Rabía Williams (ACA)
Through the telephone headset you can hear the AM long-wave radio, recognizable as radio with help of the diode.
AM receiver consists of:
- Two coils (copper wire 22): 1st band of 40 turns and 2nd band 30 turns
- 1N34A Germanium diode
- 47k Capacitor
- Variable Capacitor
- Telephone headset – headphones
- Insulated wire: 50ft for antenna / 25ft for grounding cable
Pulling radio waves, tapping in, circuiting, a translation, somehow nothing feels so present as working with radio waves. But it is rather an act of presence. Distance is compressed. There is a leap in time. Wrapping the coil around the object keeps one present. If you are counting the turns, as any good crystal radio aficionado is supposed to, you cannot lose yourself in the action fully. I sometimes did this canal-side. It feels like a mantra.
During my time at Dinacon I was making radiophonic objects to create kinds of living documentary installations working with radio waves, found and archive objects and sound – the
so-called inanimate, the man-made and the natural. They are something like witness objects.
I brought the pill bottle at the center of this pod from my grandmother’s house. Both my grandmother´s parents lived for a time in Panama, individually emigrating from the West Indies to Panama before coming to the States and eventually meeting each other in a church in Bedford–Stuyvesant, over 100 years ago. This pill bottle is for thyroid medication. My Grandmother´s thyroid was damaged as a child, burned through iodide painting, an experimental practice of the time. This left her with a permanent thyroid condition that she has been taking medicine for ever since.
I spend time in Gamboa´s Soberanía rainforest, sometimes recording alone and others times with Dina colleagues who made exploring a much more curious experience…
Mostly the village of Gamboa seems like a ghost town, abandoned structures and houses. You could easily walk the loop of the town without crossing another pedestrian.
But it does not sound like you are alone! Two sonar worlds seemed to rule here, the balance unknown:
1) That of the jungle, which the town is carved and shaved into. These are sounds from inside the trees, the dirt, and grass, and the sky above. As I rendered these sounds into words I think of my childhood books, a collection of descriptions: roaring, picking, tweeting, buzzing…, amongst my first words practiced just after Moma and Dada and no, no, Rabía no!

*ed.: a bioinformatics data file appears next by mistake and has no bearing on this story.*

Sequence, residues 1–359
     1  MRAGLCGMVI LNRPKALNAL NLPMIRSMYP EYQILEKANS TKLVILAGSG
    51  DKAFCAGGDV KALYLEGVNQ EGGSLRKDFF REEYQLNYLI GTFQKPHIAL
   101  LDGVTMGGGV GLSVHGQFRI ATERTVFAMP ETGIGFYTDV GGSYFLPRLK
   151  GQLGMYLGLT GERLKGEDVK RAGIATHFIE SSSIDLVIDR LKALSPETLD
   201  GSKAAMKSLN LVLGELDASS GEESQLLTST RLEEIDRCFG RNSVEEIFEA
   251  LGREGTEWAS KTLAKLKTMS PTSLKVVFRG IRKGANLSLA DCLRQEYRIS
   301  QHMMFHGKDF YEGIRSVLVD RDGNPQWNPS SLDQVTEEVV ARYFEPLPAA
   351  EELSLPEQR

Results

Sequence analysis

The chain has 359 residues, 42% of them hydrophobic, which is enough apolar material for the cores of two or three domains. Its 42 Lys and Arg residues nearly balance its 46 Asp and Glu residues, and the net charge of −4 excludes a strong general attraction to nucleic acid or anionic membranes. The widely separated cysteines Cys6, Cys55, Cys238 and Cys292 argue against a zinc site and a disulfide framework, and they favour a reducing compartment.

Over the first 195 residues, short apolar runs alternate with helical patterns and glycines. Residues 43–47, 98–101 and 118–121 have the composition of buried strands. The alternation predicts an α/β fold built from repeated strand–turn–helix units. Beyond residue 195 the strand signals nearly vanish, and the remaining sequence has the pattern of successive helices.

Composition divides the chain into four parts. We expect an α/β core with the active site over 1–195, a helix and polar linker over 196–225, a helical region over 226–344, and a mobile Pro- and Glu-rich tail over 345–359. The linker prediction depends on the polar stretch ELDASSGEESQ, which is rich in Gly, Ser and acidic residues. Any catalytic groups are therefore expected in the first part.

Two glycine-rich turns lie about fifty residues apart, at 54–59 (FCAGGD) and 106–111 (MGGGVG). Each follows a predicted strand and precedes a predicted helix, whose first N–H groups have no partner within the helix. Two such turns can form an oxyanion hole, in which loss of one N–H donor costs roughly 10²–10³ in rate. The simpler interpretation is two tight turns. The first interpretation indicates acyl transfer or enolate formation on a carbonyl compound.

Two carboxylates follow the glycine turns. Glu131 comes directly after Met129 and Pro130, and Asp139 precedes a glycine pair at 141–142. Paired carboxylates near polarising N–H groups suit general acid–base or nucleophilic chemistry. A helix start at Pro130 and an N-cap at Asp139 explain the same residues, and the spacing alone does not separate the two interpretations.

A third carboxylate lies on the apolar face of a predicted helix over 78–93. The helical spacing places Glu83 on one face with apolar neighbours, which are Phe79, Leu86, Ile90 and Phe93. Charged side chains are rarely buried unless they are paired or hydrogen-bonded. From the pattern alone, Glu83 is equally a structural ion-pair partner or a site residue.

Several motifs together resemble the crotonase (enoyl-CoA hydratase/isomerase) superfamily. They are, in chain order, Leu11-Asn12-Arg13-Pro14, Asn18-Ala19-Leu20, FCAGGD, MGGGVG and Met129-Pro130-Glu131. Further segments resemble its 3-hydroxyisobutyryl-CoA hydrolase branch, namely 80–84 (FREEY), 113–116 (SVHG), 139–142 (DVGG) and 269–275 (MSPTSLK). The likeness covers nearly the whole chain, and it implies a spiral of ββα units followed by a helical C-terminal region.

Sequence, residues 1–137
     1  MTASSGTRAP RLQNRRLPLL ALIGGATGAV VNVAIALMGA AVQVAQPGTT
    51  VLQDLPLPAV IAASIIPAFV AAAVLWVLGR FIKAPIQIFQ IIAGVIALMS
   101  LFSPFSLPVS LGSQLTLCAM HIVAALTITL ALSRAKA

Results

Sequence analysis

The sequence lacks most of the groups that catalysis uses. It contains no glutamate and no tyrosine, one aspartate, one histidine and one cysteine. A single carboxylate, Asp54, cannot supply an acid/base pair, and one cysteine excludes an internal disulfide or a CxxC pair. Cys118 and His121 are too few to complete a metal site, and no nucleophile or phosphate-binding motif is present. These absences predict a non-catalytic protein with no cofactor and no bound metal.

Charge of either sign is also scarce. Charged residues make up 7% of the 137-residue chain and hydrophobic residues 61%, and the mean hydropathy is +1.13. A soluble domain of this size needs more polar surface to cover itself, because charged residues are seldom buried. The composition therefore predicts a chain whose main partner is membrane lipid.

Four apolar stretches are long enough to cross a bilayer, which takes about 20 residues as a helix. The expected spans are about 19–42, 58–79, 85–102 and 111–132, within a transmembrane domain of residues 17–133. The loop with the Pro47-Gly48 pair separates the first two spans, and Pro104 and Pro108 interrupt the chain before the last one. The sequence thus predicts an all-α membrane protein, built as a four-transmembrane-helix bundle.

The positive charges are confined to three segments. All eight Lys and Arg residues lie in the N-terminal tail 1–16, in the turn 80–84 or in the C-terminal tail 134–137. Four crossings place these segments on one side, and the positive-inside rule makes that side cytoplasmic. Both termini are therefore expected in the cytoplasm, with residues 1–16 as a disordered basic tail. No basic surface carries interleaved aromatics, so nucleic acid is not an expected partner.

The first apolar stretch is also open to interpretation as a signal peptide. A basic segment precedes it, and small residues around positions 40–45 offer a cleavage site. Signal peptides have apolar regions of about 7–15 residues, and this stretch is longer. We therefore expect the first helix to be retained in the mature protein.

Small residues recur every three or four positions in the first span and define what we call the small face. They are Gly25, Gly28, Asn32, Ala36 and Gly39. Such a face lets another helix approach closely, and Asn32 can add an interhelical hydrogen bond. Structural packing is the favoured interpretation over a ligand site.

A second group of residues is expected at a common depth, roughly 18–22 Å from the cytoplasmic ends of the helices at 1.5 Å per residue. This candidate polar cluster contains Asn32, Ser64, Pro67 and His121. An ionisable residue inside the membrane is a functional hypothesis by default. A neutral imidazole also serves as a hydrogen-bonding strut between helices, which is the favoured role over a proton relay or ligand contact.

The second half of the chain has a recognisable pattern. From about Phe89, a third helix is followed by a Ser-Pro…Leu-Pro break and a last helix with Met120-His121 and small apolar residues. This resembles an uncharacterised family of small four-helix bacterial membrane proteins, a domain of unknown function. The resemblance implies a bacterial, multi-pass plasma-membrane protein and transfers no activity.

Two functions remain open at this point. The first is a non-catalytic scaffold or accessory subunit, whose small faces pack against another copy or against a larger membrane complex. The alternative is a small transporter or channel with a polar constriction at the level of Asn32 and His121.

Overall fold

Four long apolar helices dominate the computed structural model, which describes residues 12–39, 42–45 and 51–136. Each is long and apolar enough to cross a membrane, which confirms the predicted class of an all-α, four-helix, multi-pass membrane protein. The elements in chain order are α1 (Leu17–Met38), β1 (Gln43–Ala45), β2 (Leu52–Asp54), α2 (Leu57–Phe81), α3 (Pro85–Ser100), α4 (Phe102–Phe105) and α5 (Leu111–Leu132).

2) The other sonar world sounds from the bordering canal. “Canal” is quite appropriate: a vibrating, tremble, something like a “horn blows low”. It is a recognizable machine-at-work sound. And water.
Does the nature remember, what?
The people remember the territory occupied. They remember who lived on which side of town. Pastor Wilbur explains: “The Black West Indians lived on this side…”
This town exists as an important drenching point. Here in the town of Gamboa the land is always sliding into the canal and must constantly be dredged.
I often wander around Gamboa town and I sometimes go to Panama city for supplies. I record folks I meet, not on the street but along the way: a young man who is the son of Panamanian canal engineer- one of the only in his position during those times when Americans ran everything to do with the Canal; an American pastor recruited to preach in English over 40 years ago; and the local sign builder. And I collect sound archives.
The Americans came up with the locks as a solution for the canal project the French gave up on.
“[The canal] did not so much impact on the environment as change it forever. Mountains were moved, the land bridge between the north and south American continents was severed, and more than 150 sq miles of jungle was submerged under a new man-made lake. To defeat deadly mosquitoes, hundreds of square miles of what we would now call “vital wetlands” were drained and filled, and vast areas poisoned or smothered in thousands of gallons of crude oil.”
– Changing Course, The Guardian
Many lives have been lost in the building of the canal, most to accidents and others to yellow fever. The majority of lives lost were black men from the West Indies. Thousands died drenching the canal – over 20,000.
I recover items from the River Charge: flip-flops, obviously modern, so many types and sizes of flip-flops -there is something about shoes that are haunting – and find lots of pesticide containers and bottles of many different sorts.